The moon god? Seriously? There are five main prophets in Islam: Abraham, Moses, Noah, Jesus, and Muhammed. (In Arabic, Ibrahim, Musa, Noh, Isa, and Muhammed) If I'm not mistaken, these are the same prophets in gasp the Bible. In fact, just as "Bible" means "The Book," Qur'an means "The Book" in Arabic. Like it or not, Muslims consider themselves to worship the same god as Jews and Christians, and to have evolved from the same tradition. They just consider themselves to be the last leg of that tradition, if you will.

yourworstnightmare 10 years, 7 months ago

So, there is more than one god? If the xtian god is omnipotent, why can't it destroy the other god worshipped by muslims?

Ragingbear 10 years, 7 months ago

All Al-Quadia really is is what would happen if more people agreed with Fred Phelps and Pat Robert's philosophy about forcing people into religion and such.

Moon God... Yeah... WTF?

Tychoman 10 years, 7 months ago

Because, nightmare, he would be destroying himself :)

Richard Heckler 10 years, 7 months ago

Judaism,Christianity and Islam all have their roots in the Middle East, and the region is filled with sites holy to all three religions.

Islam is a religion and a Muslim is a follower of Islam. Muhammed was the founder of Islam.

Indonesia is the worlds largest Islamic nation.

Mecca,located in Saudi Arabia, is considered the holiest city of Islam and birthplace to Muhammed.

All Israelis are not Jewish but most are. A smaller percentage are Arabs.

Babylonia is Iraq.

Cal Thomas is ................................... is a writer. To what degree a christian who knows?

Danielle Brunin 10 years, 7 months ago


LogicSound said it very well. It is not in the interest of extremists groups such as Al Qaeda to acknowledge Jews and Christians, even though the Qur'an views them as "People of the Book," because it is not as easy to kill people that you identify with. They are just like any other religious extremist group. Their motivations are political, but justified in the name of religion.

monkeyspunk 10 years, 7 months ago

In response to yourworstnightmare's post:

Gets Monster truck announcer hat on


Sunday at the Jerusalem Rodeo Grounds, witness the greatest spectacle in mixed martial art, no holds barred history! Christian God and his superior skills in Holy Jujitsu will face off against Allah and his devastating Fists of Jihad fury! Who will win? Who will be the last diety standing! Who will earn the divine right to face the reigning champion of the Octagon in the Sky, Yahweh the Jewish Juggernaut!?!?!


monkeyspunk 10 years, 7 months ago

Damn! I forgot to add the Pay Per View title: God Fight VI: This time its for your soul!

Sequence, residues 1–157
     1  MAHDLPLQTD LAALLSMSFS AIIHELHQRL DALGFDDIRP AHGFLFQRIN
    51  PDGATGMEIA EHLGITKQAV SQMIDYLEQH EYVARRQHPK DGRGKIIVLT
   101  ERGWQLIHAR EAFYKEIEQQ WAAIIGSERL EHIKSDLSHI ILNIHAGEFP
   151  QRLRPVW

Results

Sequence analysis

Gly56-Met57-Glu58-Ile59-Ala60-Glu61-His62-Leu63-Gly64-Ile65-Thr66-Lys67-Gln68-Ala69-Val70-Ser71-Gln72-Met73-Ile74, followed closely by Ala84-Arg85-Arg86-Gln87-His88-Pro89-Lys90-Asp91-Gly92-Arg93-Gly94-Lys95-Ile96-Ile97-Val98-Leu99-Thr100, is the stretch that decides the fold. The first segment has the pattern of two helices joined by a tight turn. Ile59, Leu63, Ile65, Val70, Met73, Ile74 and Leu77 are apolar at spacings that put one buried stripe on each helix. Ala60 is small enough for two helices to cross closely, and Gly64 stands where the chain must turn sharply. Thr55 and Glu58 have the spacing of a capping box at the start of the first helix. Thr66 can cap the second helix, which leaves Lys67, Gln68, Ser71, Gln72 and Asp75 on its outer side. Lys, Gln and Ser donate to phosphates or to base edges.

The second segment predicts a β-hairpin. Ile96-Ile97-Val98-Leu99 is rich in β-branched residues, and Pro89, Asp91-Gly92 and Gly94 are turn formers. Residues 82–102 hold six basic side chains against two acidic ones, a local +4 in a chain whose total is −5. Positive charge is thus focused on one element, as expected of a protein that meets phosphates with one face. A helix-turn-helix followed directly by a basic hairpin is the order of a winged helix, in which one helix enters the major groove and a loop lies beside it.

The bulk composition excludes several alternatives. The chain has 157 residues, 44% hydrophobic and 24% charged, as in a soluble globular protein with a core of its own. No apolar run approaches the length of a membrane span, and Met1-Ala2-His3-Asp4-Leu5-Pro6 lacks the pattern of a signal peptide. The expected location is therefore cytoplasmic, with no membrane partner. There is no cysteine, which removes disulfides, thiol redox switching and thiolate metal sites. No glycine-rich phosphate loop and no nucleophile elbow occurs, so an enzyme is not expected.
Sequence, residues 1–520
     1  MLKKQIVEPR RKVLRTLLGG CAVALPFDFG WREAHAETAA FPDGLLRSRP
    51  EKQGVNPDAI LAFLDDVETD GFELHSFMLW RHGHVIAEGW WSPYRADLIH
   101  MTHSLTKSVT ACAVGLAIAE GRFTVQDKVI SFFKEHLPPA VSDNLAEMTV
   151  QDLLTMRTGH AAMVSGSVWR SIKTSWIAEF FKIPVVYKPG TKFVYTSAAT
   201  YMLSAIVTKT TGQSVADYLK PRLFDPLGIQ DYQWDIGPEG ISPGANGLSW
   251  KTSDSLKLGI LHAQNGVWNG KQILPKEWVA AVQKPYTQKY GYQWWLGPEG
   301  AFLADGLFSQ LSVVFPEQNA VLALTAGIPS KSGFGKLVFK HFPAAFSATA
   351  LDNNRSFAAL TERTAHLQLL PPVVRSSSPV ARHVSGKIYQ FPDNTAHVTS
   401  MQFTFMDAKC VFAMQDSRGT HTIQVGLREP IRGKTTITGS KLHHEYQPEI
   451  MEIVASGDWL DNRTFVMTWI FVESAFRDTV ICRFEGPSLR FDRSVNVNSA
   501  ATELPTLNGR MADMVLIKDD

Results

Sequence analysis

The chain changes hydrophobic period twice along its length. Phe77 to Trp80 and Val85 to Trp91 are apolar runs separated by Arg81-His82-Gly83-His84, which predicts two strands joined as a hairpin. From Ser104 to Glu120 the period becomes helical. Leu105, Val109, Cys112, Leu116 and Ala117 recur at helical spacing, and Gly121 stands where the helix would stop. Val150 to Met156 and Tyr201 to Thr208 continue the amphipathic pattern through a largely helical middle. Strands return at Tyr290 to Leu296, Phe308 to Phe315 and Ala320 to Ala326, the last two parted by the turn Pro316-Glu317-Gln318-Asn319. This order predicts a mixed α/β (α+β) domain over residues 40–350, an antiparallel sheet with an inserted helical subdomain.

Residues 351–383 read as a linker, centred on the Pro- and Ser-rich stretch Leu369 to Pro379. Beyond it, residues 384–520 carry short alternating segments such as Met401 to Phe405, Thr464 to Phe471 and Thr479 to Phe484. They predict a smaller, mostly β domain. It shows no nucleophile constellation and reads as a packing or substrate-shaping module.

**(Only $49.95 on pay per view, contact you local cable operator for details.)

craigers 10 years, 7 months ago

They might have the same roots (as Ragingbear noted), but they aren't the same God. Jesus Christ is God in the flesh and if the Muslims reject Jesus Christ as God then how can they be worshipping the same God?

Ragingbear, I drive a car and you drive a car, so could I say we are driving the same car? No, because each car has different characteristics and qualities, or should I say brands? A Nissan car isn't the same as a Chrysler...

denak 10 years, 7 months ago

"....In fact, just as "Bible" means "The Book," Qur'an means "The Book" in Arabic...."

Close but not totally accurate. The word Q'uran (or Koran or any of the other different spellings) has its root meaning in the verb, "to recite" or "to read". Thus, the best translation for the word Quran is "recitation" not "the book." However, different Muslims, do call it "the book" or "last testment" or "the Revelation" or "Book of God." But Recitation is more accurate.

Also, the word, "Bible" does not totally accuately mean "the book." nor does it mean "Basic Instruction Before Leaving Earth." The word Bible technically means "little books." but the word originally denoted a geographical area and did not have the current spiritual meaning until much later. Ancient manuscripts were written on dried strips of papyrus that was used for writing paper. The writing paper was produced in the Phoenician city of Byblos. Manuscripts using this type of writing paper were named after the place the writing paper was manufactured, in this case, Byblos. Thus, the word, Byblos (Bible in English) was geographical in origin and meant the type of papyrus used to write on.